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Terminal Velocity

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ben3308 wrote:

Oftentimes, most especially with car impacts, it can be done in the editing. This being said, however, people are more and more 'acclimated' to these tricks of editing - especially in potential special fx shots - and they therefore look for the 'money shot', etc that will show them what they want.

I'm talking, of course, about that single, brief shot of the car actually hitting the person. Using split-screening and a bit of freehand masking (to select the person and keyframe them flying to the side of the screen) it's not that hard. My friend recently was a part of a group that did a shot just like this at the end:

http://www.youtube.com/watch?v=4uGYkSe0I-0

Check it out.
I gather that you're saying that to really sell it, you want to see the car really hitting someone. Correct me if I'm wrong, but that's what you seem to mean. I think what sells the effect is seeing the impact, say, in slow motion or something. Making it so the audience can't definitively say, "Oh, that was a camera trick or compositing."
Posted: Mon, 20th Apr 2009, 9:10pm

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cdolsen

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the first have the car hit a dummy that is proped up in the street. this dummy is nothing more than clothes (the same as in shot1) stuffed with nes papers and sewn together. take special note of how the arms, and body, end up on the hood of the car

the second shot start filming with the actor laying on the hood of the car in the same position as the dummy in the first shot. have him straighten up and the car backup.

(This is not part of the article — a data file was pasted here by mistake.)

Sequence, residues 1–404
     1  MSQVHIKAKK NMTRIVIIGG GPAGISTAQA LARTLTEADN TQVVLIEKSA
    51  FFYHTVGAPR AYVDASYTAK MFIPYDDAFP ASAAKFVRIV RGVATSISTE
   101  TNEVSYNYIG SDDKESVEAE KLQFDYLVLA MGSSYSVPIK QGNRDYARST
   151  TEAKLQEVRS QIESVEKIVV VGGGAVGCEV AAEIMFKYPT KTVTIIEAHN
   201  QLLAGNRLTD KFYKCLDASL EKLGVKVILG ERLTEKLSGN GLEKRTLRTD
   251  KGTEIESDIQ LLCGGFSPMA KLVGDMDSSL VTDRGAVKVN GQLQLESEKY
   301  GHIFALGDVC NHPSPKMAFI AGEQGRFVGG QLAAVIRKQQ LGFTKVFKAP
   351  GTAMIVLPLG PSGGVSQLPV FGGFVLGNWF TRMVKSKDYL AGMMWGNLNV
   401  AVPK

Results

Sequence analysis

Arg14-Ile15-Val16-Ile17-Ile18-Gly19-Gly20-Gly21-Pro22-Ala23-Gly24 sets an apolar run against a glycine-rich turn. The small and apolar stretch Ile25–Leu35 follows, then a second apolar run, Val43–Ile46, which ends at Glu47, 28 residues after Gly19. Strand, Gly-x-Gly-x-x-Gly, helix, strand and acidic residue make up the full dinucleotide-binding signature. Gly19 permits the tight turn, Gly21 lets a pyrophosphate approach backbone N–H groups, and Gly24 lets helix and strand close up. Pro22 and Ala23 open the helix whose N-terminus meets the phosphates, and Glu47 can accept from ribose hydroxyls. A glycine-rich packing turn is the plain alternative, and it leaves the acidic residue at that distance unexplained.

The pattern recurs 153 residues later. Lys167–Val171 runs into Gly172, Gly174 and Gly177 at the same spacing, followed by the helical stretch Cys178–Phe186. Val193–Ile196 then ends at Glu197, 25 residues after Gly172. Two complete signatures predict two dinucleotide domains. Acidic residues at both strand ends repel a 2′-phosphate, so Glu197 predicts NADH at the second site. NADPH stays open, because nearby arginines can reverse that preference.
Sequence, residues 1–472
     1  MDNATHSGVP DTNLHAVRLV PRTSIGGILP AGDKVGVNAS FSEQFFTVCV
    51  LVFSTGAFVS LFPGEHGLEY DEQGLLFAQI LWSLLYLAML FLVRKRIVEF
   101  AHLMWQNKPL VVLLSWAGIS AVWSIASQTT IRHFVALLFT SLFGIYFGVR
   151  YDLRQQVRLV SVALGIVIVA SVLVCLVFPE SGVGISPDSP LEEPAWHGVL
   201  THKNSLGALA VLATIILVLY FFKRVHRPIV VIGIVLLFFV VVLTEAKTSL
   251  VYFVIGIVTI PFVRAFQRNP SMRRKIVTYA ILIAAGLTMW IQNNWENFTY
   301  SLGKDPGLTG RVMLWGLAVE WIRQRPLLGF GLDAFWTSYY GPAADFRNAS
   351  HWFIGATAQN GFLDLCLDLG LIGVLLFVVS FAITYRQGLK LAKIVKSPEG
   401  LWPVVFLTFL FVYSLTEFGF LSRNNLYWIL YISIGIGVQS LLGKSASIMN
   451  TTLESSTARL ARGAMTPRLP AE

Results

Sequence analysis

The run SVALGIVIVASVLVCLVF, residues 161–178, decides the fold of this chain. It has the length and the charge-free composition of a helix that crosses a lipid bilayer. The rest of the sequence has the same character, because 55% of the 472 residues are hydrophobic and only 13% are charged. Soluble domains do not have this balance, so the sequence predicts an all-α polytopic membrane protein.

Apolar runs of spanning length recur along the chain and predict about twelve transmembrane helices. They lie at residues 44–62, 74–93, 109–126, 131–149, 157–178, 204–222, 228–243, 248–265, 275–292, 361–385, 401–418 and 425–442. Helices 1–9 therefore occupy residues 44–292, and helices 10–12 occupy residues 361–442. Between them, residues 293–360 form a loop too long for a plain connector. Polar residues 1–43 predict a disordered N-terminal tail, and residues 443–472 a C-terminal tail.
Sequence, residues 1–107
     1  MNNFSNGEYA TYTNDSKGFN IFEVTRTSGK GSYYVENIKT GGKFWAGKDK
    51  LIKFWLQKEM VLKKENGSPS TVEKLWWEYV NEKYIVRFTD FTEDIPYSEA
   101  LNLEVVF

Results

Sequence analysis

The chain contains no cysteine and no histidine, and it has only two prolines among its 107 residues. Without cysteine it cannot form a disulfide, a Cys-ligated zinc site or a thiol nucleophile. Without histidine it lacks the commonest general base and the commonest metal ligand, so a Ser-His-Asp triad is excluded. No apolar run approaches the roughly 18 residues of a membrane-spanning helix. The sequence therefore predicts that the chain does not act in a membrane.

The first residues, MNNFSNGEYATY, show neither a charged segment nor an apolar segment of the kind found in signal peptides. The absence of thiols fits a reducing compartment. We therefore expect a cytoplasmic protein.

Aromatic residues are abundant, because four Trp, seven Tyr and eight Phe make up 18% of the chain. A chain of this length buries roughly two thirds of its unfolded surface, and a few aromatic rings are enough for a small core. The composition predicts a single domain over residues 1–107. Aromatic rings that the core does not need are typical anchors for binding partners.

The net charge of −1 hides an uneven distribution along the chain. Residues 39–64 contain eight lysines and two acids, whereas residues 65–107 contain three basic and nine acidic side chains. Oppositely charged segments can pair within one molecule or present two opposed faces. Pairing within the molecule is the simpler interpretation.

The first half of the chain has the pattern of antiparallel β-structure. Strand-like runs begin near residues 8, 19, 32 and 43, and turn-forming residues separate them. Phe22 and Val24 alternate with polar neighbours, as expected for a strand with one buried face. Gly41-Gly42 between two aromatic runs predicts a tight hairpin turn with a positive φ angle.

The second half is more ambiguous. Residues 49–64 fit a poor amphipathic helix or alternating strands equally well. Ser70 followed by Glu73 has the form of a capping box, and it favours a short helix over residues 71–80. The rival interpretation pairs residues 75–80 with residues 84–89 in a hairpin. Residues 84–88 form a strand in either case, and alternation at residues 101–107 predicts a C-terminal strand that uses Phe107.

edit the two together - the first shot is played backwards (car entering the shot and 'hitting' the actor) - hard cut to the second shot of the car hitting the dummy and proceding out of frame.

all dome with no composits, no danger to the actor, and shockingly real
Posted: Mon, 20th Apr 2009, 9:56pm

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Arktic

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I think that showing the impact in the style of Andrew Kramer's tutorial can look pretty poor if you don't have the time to put into the details such as damage to the vehicle, shattering glass, crumpled bodywork etc. So if you don't have the skill, time or software to go down this route - trying to implicitly show the impact will always look 'budget'/poor quality.

I would suggest using a split screen technique to give the impression of the speeding car heading towards the person - do this in two passes, with a locked off camera on a tripod, first film a person crossing the road, maybe turning round and reacting as if they'd just seen a car speeding towards them. Then, without moving the camera, film the car driving at a (safe and legal) speed down the same stretch of road. You then simply mask the two shots together to give the impression that a person was in the road at the same time as the car was speeding towards them. You can add further realism to this shot by adding some digital camera shake in post, to make it look less like a locked-off effects shot.

The example that B4Uask posted is superb - that shot is a really great piece of editing; the impact doesn't happen on screen, but we all get the impression of what's happened, and it's pretty sickening. If you don't want to cut away to black as in B4's example, a reaction shot from a passer by can work well in place instead, before quickly cutting back to either the tires screeching or a shot of the person in the road.